From north to south, the mountain ranges and valleys are:
- Cordillera Septentrional (in English, "Northern Range"). It runs parallel to the north coast, with extensions to the northwest, the Tortuga Island, and to the southeast, the Samaná Peninsula (with its Sierra de Samaná). Its highest mountain is Diego de Ocampo, close to Santiago, with 1,249 m. There are several small plains between this range and the Atlantic Ocean. Rivers are short and most of them flow to the north.
- The Cibao Valley (Dominican Republic) is the largest and the most important valley of the country. This long valley stretches from North Haiti, where is called Plaine du Nord, to Samaná Bay. It can be divided in two sections: the northwestern part is the Yaque del Norte Valley (or Línea Noroeste) and the eastern Yuna Valley (or Vega Real, English: Royal Valley). The Vega Real is the most fertile area in the country, with a high population density.
- The Cordillera Central (also called Sierra del Cibao) is the island's most rugged and imposing feature and is known in Haiti as the Massif du Nord ("Northern Massif"). The highest mountains of the West Indies are in this range: Pico Duarte, 3,098 m, and others above 3,000 m. Near the center of the island, this range turns southward and is called Sierra de Ocoa, finishing near the city of Azua de Compostela, on the Caribbean coast. Another branch, Cordillera Oriental or Sierra del Seibo, is separated from the main chain by a karstic region (Los Haitises) and with a west-east direction; it is located south of Samaná Bay.
- The San Juan Valley and Plain of Azua are big valleys south of the Cordillera Central with altitude from 0 to 600 m.
- The Sierra de Neiba, with Mount Neiba the highest mountain with 2,279 m. An extension to the southeast of Sierra de Neiba is the Sierra Martín García (Loma Busú, 1,350 m).
- The Hoya de Enriquillo or Neiba Valley is a remarkable valley, with a west-east direction, of low altitude (on average 50 m with some points below sea level) and with a great salt lake: the Enriquillo Lake.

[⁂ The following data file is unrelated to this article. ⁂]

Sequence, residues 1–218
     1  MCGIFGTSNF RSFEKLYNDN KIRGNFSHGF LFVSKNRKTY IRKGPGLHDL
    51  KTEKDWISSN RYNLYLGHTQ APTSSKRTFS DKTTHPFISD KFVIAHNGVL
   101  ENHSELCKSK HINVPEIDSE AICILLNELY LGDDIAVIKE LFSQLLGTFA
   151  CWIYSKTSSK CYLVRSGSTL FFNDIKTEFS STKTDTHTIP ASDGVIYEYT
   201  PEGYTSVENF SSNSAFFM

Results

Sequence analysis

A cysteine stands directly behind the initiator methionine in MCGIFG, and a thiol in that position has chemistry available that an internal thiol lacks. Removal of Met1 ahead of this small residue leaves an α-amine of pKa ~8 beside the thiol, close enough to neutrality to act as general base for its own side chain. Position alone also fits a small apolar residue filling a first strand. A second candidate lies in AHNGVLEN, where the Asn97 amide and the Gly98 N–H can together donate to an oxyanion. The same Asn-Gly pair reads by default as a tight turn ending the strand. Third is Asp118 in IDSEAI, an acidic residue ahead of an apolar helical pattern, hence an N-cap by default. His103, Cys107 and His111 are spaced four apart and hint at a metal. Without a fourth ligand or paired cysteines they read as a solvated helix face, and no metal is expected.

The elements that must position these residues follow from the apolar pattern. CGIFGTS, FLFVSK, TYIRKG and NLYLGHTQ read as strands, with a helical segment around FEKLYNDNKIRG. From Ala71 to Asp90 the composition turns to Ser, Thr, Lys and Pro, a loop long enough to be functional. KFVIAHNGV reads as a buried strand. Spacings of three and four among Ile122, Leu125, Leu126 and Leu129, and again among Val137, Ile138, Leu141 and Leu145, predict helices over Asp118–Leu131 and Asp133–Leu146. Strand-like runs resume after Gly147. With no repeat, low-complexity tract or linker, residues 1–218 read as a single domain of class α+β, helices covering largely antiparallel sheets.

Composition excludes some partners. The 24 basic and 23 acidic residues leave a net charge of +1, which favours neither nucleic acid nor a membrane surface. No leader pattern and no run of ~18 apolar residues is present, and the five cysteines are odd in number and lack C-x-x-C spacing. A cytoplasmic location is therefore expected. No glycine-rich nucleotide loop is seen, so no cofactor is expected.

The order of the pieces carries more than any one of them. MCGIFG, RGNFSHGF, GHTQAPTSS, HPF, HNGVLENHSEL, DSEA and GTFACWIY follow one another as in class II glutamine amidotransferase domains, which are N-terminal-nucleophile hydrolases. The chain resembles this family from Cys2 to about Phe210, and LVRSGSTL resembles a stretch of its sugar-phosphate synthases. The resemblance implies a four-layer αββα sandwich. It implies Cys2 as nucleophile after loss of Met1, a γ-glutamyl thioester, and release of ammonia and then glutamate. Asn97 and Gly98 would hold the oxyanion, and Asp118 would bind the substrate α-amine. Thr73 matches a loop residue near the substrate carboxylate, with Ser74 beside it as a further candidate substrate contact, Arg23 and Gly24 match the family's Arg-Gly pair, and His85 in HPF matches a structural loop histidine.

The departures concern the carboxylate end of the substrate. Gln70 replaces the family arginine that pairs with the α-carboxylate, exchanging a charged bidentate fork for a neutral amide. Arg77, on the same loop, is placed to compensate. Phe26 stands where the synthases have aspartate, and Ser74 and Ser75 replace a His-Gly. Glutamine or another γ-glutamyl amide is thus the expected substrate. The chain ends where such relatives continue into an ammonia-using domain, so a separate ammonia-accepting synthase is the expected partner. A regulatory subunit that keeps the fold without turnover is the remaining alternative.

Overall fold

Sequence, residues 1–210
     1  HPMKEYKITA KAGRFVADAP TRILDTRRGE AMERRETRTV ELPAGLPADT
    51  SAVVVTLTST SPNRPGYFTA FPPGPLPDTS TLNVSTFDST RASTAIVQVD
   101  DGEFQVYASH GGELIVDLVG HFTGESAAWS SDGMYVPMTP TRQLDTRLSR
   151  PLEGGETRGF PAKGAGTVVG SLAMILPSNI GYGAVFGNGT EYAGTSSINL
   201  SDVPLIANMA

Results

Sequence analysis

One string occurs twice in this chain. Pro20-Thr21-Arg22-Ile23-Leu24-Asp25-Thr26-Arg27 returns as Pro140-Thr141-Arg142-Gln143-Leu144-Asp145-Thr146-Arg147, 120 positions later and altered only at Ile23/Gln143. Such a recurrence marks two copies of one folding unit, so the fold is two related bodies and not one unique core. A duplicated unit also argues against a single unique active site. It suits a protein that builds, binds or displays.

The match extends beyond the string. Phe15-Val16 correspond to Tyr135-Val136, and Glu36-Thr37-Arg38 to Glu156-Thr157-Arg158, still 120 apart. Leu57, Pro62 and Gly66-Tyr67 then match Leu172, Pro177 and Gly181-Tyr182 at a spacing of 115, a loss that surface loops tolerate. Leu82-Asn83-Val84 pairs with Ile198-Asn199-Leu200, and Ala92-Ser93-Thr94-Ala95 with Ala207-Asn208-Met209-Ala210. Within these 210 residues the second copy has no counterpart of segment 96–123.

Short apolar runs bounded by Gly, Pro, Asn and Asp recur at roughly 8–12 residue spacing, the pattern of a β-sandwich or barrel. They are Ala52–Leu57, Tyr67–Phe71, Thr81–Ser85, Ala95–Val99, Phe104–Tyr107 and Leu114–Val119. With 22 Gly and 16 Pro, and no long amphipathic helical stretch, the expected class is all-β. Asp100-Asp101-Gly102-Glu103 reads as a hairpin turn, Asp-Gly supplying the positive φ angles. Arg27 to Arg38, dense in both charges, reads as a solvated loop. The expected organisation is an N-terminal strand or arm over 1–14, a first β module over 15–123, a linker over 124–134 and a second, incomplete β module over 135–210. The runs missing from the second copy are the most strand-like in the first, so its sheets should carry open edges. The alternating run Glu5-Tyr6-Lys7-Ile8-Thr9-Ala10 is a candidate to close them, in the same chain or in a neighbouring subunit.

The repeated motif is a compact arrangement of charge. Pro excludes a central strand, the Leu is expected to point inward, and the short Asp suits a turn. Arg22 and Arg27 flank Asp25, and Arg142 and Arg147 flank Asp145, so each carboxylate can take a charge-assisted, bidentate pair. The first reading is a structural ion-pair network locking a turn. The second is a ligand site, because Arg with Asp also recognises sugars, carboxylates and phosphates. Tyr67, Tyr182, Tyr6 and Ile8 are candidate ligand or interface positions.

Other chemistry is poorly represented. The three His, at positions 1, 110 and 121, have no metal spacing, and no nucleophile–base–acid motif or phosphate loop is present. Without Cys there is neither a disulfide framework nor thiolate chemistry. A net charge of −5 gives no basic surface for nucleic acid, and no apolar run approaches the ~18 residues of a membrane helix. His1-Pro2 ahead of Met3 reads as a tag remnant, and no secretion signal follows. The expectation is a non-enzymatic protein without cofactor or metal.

- The Sierra de Bahoruco, called Massif de la Selle in Haiti. This southern group of mountains have a geology very different from the rest of the island.
- Llano Costero del Caribe (in English, "Caribbean Coastal Plain") is in the southeast of the island (and of the Dominican Republic). It is a large prairie east of Santo Domingo.
Rivers and lakes
The 8 longest rivers of the Dominican Republic are:
- Yaque del Norte. With 296 km, it is the longest river of the Dominican Republic. Its sources are in the Cordillera Central and flows to the Atlantic Ocean. Its watershed has an area of 7,044 km².
- Yuna. It is 209 km long. Its sources are in the Cordillera Central and flows to the east into Samaná Bay. Its watershed has an area of 5,498 km².
- Yaque del Sur. It is 183 km long and its sources are in the Cordillera Central. It flows to the south into the Caribbean Sea. Its watershed has an area of 4,972 km².
- Ozama. It is 148 km long. Its sources are in Sierra de Yamasá (a branch of the Cordillera Central). It flows into the Caribbean Sea. Its watershed has an area of 2,685 km².
- Camú. It is 137 km long. Its sources are in the Cordillera Central and flows into the Yuna River. Its watershed has 2,655 km².
- Nizao. It is 133 km long. Its sources are in the Cordillera Central and flows to the south into the Caribbean Sea. Its watershed has an area of 974 km².
- San Juan. It is 121 km long. Its sources are in the Cordillera Central and flows to the south into the Yaque del Sur River. Its watershed has an area of 2,005 km².
- Mao. It is 105 km long. Its sources are in the Cordillera Central and flows to the north into the Yaque del Norte River. Its watershed has an area of 864 km².
The Artibonite River is the longest river of the island but only 68 km are in the Dominican Republic.
The largest lake of the Hispaniola, and of the West Indies, is the Lake Enriquillo. It is located in the Hoya de Enriquillo with an area of 265 km². There are three small islands within the lake. It is around 40 meters below sea level and is a saline lake with a higher concentration of salt than the sea water.
- Dardik, Alan, ed. (2016). "Vascular Surgery: A Global Perspective". Springer. p. 341. ISBN 9783319337456. Retrieved 8 May 2017.
- Josh, Jagran, ed. (2016). "Current Affairs November 2016 eBook". p. 93. Retrieved 8 May 2017.
- CIA World Factbook: Haiti
- De la Fuente, Santiago (1976). Geografía Dominicana. Santo Domingo, Dominican Republic: Editora Colegial Quisqueyana. pp. 90–92.
- As shown in a map made by Andrés Morales in 1508 and published in 1516. In Vega, Bernardo (1989). Los Cacicazgos de la Hispaniola. Santo Domingo, Dominican Republic: Museo del Hombre Dominicano. p. 88.
- Butterlin, Jacques (1977). Géologie Structural de la Région des Caraïbes (in French). Paris: Masson. pp. 110–111. ISBN 2-225-44979-1.
- De la Fuente, Santiago (1976). Geografía Dominicana. Santo Domingo, Dominican Republic: Editora Colegial Quisqueyana. pp. 110–114.